By Keith Norbury
A modular hotel from Poland is among the recent shipments of project cargo to arrive at the port of Thunder Bay this year. The hotel, consisting of about 156 modules, was still in the yard at Thunder Bay in late September when port CEO Tim Heney spoke with Canadian Sailings. “It’s something we’ve been working on for awhile — unusual but not a complicated move,” Mr. Heney said. “All the modules are basically the same in size but it just kind of catches the imagination a little bit, I think.”
The modules are from the Polcom Group, headquartered in Topola, Poland, about 125 kilometres south of the Baltic Sea port of Gdansk. Laurie Ritter, modular cargo/international trade specialist with Polcom USA LLC said working with the Port Authority “has been an absolute pleasure.” She added that the logistics portion of such a project “requires a relationship to be established well in advance of arrival” and that pricing can affect where a Polcom vessel arrives.
“Thunder Bay provides a cost-effective water-arrival option to central and western Canada without compromising security, inland resources and specialty needs,” she said.
Other recent projects Thunder Bay has handled include Enercon wind turbines shipped from Emden, Germany and destined for northern B.C., wood pellets from Norway, and “the usual structural steel from Spain and Luxembourg, headed for western Canada,” Mr. Heney said.
Excavators coming soon
On the horizon are excavators arriving from Europe destined for mines, most likely new gold mines being established in northern Ontario near Fort Frances.
“Projects are interesting. They’re all different every year,” Mr. Heney said. “The only repeat business we have is really the structural steel and rail that we’ve had over the last couple of years. And that can be, of course, increased due to economic activity in the west. But we’re seeing some return to wind turbines, which kind of goes in cycles. The hotel is something new. But we’re out there trying to promote it. So it seems to be getting a bit more traction now.”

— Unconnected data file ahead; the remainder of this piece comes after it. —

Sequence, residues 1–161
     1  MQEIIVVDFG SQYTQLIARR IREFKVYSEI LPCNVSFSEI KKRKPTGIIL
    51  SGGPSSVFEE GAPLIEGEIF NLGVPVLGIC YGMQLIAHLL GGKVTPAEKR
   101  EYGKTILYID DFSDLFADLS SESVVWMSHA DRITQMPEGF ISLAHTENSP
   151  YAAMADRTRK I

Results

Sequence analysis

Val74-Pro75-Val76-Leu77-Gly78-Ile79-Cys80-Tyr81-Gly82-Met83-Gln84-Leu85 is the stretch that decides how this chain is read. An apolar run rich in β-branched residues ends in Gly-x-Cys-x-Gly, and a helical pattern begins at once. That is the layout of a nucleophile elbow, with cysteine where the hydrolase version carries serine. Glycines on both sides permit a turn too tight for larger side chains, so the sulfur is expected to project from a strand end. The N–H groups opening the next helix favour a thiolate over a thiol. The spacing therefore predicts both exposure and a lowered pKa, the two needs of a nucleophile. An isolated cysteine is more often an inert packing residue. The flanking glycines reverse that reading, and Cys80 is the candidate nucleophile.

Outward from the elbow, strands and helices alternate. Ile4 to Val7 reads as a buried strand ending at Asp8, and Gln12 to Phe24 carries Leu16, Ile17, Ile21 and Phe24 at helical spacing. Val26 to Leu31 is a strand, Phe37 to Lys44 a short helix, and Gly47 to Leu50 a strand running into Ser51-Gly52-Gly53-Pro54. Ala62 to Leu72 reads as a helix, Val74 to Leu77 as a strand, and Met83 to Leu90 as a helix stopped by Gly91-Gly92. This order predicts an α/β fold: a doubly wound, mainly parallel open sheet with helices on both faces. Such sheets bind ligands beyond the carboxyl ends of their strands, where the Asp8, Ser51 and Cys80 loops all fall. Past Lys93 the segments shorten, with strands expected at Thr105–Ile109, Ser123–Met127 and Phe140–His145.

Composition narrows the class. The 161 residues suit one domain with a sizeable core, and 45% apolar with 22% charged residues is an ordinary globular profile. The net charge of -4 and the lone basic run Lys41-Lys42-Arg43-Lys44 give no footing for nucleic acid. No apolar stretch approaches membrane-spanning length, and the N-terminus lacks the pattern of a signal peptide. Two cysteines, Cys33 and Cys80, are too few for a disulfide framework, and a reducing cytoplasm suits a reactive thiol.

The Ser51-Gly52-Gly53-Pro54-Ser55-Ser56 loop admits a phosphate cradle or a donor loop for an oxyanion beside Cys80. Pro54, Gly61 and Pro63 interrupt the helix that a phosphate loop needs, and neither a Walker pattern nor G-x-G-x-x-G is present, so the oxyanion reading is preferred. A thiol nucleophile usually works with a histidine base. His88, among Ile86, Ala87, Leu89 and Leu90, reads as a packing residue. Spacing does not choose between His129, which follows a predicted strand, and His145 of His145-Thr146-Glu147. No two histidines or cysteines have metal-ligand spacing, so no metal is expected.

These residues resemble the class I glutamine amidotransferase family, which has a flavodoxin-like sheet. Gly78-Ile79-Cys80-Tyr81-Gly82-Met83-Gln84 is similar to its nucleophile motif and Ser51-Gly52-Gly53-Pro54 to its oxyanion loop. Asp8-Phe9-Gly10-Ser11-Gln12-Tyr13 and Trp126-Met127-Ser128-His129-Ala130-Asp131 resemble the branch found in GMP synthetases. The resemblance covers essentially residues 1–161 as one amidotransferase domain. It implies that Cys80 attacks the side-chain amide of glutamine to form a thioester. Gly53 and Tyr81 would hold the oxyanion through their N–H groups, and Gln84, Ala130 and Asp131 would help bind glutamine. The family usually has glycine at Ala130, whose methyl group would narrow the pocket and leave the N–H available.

Other recent shipments include transformers from Europe for Manitoba power projects, a reactor for a potash mine in Saskatchewan, and railway steel. “It started with a new line in Alberta that they’re building,” Mr. Heney said. “But now they’re starting to look at the refurbishment market too, which is large. Rail is always wearing (out).”
The port is also beginning to receive inquiries about scrap rail being shipped overseas. On the other hand, Thunder Bay hasn’t handled as much project cargo destined for the Alberta oil sands as it has in past years. “We haven’t seen any big push for the oil sands lately,” Mr. Heney said.
Road and rail both used
Cargo to and from the port can travel by road or rail. Structural steel is often shipped by rail, but road can be a competitive option, depending on the size and weight of the load, he said.
Wind turbines can and have been shipped by rail, he said. But if they need to move by truck for any distance, the cost of transloading can make that too costly. “You might as well just put it on the truck all the way,” Mr. Heney said.
To the end of August, general cargo volumes at the port were down slightly for the year — to 13,282 tonnes compared with 14,092 tonnes in the first eight months of 2016. But Mr. Heney said he expected that figure to rise once the September numbers are calculated.
Overall, the port handled considerably more cargo to the end of August — 4.8 million tonnes to 4.1 million — compared with 2016 figures. A more than doubling of potash volumes — to 372,924 tonnes from 151,667 tonnes — accounted for much of that increase.
In 2016, the 31,540 tonnes of general cargo was the most the port had handled since 2008 when 65,818 tonnes passed through. In 2002 and before, the port’s general cargo tonnages routinely reached six figures, peaking at 823,222 tonnes in 1966. Overall annual tonnages also often surpassed 20 million in the 1970s and 1980s, mostly driven by annual grain volumes of up to 17.6 million tonnes.
Terminals upgrades proposed
Looking toward the future, Thunder Bay is working on a terminal reconfiguration project that is expected to cost $12-15 million over the next few years. The next phase is rail upgrades as well as a heated storage building. “We’ve just had preliminary work on planning and some of the surveying work,” Mr. Heney said. “But I think we’ll see that kicked off next year in terms of real spending.” To assist with the expansion, the port has put in a request to the federal government’s new National Trade Corridors Fund. The government has allocated $2 billion to the fund over the next 11 years for “strategic projects,” such as ones that reduce bottlenecks and address capacity issues. The size of Thunder Bay’s project will depend on how successful the port is in its application, Mr. Heney said. “But certainly some of it we’ll do on our own.”